Outgoing Houston mayor backs increasing drainage team budget to $40M but calls on Harris Co. to help

Mayra Moreno Image
Tuesday, May 23, 2023
Harvey survivors demand city's attention to drainage issues
Residents in northeast Houston are demanding more money and attention to address drainage system issues in Black and brown communities.

HOUSTON, Texas (KTRK) -- Northeast Houston neighbors, the Northeast Action Collective, and several organizations stood on the steps of city hall Tuesday to protest what they say is the lack of concern for their infrastructure crisis.

The video above is from a previous report.

This is something they have been fighting for over the years since Hurricane Harvey.

The NAC has been protesting for better drainage systems on the northeast side, demanding the city to change how it funds drainage and maintenance problems in low-income Black and brown communities.

SEE ALSO: 5 years after Harvey: Exploring the racial inequities in disaster relief distribution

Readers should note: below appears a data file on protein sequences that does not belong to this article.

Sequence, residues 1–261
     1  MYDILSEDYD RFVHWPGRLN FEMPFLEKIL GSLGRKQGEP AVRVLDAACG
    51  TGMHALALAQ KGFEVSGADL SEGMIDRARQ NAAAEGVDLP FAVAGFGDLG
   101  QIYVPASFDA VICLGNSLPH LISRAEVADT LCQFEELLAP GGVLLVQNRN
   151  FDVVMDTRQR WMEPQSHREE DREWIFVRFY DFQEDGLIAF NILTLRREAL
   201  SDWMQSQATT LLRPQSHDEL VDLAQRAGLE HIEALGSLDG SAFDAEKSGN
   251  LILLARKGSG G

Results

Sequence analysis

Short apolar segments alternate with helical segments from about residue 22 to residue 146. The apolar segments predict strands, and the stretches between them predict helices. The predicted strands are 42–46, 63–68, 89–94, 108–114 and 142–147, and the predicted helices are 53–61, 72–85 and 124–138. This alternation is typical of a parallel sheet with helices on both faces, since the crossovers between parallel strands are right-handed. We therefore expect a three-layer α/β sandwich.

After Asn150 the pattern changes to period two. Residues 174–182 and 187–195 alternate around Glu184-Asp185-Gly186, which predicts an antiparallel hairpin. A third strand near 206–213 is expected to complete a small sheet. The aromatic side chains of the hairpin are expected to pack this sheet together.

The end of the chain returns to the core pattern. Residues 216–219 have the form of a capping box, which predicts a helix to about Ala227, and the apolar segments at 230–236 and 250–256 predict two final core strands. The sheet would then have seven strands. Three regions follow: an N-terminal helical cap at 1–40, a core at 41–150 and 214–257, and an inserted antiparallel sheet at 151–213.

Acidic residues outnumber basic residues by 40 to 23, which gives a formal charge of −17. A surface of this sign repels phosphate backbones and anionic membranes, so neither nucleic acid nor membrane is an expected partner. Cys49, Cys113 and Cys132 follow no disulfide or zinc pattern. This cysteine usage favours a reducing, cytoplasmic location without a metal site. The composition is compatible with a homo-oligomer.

The group has done this before under their main "divert floods not funds" messaging. It has been fighting for multiple years to fix local drainage systems that, it says, have been deteriorating.

Minor floods cause big issues and headaches, residents said.

"With two weeks left for city budget vote, we need city councilors to step up. We are working with council members to propose amendments that will fund drainage projects that can be carried out this year, as well as build capacity in the Department of Public Works for the long term to keep infrastructure function maintained," NAC's Courtney Rebels said.

NAC is demanding equal protection from flooding, among other needs, asking to permanently increase annual funding for "Storm Water Action Team" programs from $20 million to $40 million to increase public works staff and machinery in hopes of getting scheduled ditch maintenance and rehabilitation.

Mayor Sylvester Turner said he wants to increase SWAT program funding but asks Harris County to partner with the city on that effort.

Meanwhile, Houston Public Works said it has been working with the group to prioritize areas with drainage challenges, with several projects set to begin construction in the upcoming months and in spring 2024.

To learn more about the current drainage improvements projects, visit Engage Houston's portal for the Northeast Community Drainage updates.

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